The view from our windows will be drastically altered once the trees are gone. The land drops quickly a couple hundred feet down the mountain so we may gain a broader view of our lower surroundings, however I tend to believe more of an unsightly tangle of brush, muck and shattered trees will be in store as our future view, not to mention the increased exposure to the wind and elements.
It’s been a musical week with Kieth Mullins having a house concert at their new place on Hunters Mountain last Friday and Ian Foster having one at a neighbors house in Middle River last night. Both were wonderful and a nice respite from the work and a great chance to mingle with neighbors.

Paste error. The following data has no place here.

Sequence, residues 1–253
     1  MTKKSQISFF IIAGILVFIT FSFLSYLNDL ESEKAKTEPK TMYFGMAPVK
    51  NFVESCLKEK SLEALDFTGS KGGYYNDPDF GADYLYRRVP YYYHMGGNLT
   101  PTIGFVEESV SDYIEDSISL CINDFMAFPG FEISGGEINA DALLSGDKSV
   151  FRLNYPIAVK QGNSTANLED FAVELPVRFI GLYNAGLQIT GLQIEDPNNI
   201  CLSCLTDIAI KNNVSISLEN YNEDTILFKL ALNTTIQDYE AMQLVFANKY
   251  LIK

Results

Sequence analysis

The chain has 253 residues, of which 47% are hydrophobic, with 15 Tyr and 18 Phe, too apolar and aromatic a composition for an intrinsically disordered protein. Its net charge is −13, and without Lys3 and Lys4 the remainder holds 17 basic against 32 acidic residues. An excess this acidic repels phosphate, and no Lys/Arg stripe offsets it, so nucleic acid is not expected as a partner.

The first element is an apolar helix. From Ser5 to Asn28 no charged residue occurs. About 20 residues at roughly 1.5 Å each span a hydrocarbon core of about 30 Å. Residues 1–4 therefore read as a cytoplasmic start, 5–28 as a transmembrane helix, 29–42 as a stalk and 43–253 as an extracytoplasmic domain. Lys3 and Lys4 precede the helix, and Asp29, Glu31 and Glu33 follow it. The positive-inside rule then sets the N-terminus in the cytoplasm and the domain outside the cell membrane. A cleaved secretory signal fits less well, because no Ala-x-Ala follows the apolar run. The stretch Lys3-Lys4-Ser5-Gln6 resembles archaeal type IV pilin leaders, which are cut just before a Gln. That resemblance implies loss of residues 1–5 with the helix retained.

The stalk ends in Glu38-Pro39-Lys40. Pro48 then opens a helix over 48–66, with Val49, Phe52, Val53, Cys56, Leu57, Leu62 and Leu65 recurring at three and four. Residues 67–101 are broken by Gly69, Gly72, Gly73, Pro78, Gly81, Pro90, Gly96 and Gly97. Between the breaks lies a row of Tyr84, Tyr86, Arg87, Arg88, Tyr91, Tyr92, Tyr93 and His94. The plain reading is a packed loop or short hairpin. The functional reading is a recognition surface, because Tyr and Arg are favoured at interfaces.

We have a new addition to the family. A red lady that boasts having 43 horses packed under her hood along with an antique back blade. Both these will help to speed up progress at the building sight.
With some new draft pins, a new center link, new bolts and pins the back blade is ready for some serious work. My back is feeling better already and the blisters on my hands are slowly disappearing, I hope I don’t turn into a softy.
The garden plot for our neighbor on Hunters Mountain is finally in. Hanna and Liam helped her yesterday, along with the occasional overbearing instructions from me. The rain expected from Hurricane Andria should help everything in the garden sprout up.